Baton Rouge police, community college partner to focus on officer recruitment

Baton Rouge's police force had 113 vacancies last fall — the most of any point since 2015

By James Finn
The Advocate

BATON ROUGE, La. — Amid a surge in violent crime and a shortage of officers, Baton Rouge Police Department leaders are hoping local college students could be their next reinforcements.

BRPD officials joined deans from Baton Rouge Community College on Tuesday to announce a partnership between the two organizations aimed at teaching students in the school's criminal justice track about the benefits of a career in local law enforcement.

Through BRPD programs that already exist in the city like "community walks," officers will also talk with youths about benefits of going to college to help reveal options kids have beyond lives of crime.

"The goal is to increase the educational attainment of current and prospective officers, which translates to improved police and community relations," said Dr. Chandra Joseph, an interim dean of BRCC's college of business and law.

The recruiting push comes amid what BRPD chief of recruiting Sgt. Darren Ahmed called a "national recruiting crisis" in local police departments. Baton Rouge's police force had 113 vacancies last fall — the most of any point since 2015, according to data provided then by the department.

Records show there were 577 sworn BRPD officers near the end of last year — a significant decrease from prior years. That number hovered around 660 from 2015 to 2017, then gradually started declining, according to department data.

City-Parish agencies as a whole have struggled to fill vacancies amid a nationwide workforce shortage.

Police officers who've obtained a college education tend to be better communicators, are more tolerant and operate with more professionalism than peers with lower levels of education, Joseph said. She said a pipeline already exists between BRCC criminal justice students and an array of East Baton Rouge criminal justice-related offices, from the District Attorney to the Sheriff's Office.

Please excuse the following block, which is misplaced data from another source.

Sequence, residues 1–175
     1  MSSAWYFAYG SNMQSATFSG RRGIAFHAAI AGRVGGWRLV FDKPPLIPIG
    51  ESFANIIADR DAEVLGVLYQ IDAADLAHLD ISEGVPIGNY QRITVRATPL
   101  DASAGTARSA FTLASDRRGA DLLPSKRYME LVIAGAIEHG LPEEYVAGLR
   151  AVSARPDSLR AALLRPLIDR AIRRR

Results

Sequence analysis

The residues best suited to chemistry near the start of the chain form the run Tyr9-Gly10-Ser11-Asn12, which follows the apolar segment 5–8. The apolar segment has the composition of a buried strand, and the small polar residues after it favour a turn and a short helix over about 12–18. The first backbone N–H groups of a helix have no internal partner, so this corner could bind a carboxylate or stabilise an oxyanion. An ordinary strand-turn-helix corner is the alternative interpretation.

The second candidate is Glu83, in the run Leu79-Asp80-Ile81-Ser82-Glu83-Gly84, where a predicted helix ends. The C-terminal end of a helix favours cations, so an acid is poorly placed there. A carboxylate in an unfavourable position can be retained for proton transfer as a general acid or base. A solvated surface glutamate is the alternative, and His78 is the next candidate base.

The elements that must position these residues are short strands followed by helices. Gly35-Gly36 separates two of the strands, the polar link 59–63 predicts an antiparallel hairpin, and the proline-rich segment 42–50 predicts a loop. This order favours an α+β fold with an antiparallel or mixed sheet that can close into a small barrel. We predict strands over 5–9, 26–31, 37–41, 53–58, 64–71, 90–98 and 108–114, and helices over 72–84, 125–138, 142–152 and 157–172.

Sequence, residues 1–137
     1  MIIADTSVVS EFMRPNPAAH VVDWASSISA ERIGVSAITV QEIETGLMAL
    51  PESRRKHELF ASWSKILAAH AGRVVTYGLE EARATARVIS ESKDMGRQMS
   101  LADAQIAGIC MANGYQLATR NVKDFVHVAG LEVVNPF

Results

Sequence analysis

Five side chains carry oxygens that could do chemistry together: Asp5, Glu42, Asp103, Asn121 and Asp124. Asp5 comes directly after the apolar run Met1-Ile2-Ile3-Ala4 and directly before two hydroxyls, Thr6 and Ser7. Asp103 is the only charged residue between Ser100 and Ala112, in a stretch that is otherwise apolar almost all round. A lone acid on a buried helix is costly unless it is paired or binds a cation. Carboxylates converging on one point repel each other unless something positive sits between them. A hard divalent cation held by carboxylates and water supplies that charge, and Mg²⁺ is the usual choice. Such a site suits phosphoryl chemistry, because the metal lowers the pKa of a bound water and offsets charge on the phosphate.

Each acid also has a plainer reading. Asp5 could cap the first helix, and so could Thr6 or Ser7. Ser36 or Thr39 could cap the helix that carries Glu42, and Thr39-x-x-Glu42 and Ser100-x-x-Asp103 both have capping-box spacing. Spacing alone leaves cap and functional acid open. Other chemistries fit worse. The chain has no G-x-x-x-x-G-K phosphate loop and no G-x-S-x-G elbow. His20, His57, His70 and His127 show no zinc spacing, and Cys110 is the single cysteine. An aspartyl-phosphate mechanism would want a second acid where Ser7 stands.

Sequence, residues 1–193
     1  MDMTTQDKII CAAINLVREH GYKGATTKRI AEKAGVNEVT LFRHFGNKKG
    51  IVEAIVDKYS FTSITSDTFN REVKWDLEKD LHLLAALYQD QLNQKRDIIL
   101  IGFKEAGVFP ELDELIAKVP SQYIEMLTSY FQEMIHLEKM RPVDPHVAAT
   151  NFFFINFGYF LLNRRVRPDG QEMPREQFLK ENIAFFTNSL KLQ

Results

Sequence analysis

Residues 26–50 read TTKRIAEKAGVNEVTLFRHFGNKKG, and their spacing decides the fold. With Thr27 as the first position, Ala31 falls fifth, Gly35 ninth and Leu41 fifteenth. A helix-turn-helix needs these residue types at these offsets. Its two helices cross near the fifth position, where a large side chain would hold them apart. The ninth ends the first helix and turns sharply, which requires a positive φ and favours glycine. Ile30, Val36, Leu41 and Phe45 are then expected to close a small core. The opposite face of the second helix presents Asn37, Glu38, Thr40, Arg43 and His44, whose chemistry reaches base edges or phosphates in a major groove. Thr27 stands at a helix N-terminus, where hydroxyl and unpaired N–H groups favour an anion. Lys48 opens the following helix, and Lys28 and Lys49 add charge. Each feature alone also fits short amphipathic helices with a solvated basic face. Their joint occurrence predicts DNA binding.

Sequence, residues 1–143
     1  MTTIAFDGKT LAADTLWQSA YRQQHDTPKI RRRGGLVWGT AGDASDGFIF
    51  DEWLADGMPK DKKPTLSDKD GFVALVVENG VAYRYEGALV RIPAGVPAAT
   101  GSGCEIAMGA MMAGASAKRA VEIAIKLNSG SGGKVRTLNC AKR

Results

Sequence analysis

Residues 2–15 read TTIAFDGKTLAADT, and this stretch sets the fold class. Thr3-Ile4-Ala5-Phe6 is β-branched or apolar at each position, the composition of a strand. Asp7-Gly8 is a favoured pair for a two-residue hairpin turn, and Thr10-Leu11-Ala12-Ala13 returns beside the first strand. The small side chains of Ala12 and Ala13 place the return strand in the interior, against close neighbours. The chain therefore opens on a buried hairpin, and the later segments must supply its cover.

Urgency has grown to recruit more officers as violent crime has surged.

The City-Parish logged at least 149 homicide victims in 2021, an unprecedented number of annual killings that surpassed even the record-breaking 2020 total, according to data tracked by The Advocate.

Police Chief Murphy Paul in January laid out an aggressive strategy to the Metro Council to tackle Baton Rouge's high rate of violent crime that included additional patrols and a partnership with state and federal law enforcement. For there to be enough manpower to implement the plan, the department's "No. 1 priority" is to fill at least 50 vacancies, Paul said.

"We need boots on the ground for these strategies to work," Paul said at the time. "We have to fill these vacancies."

The announcement of the new partnership followed two particularly brutal killings in the City-Parish: A 3-year-old killed by a stray bullet last week, and a woman stabbed to death on a live Facebook stream on Monday.

Schooling, jobs and community service are just a few ways young people in the City-Parish can discover lives away from crime, said Clay Young, chair of the Baton Rouge Law Enforcement and Criminal Justice Foundation.

"We have to offer them options," Young said. "Getting them in school, getting them jobs."


(c)2022 The Advocate, Baton Rouge, La.

McClatchy-Tribune News Service

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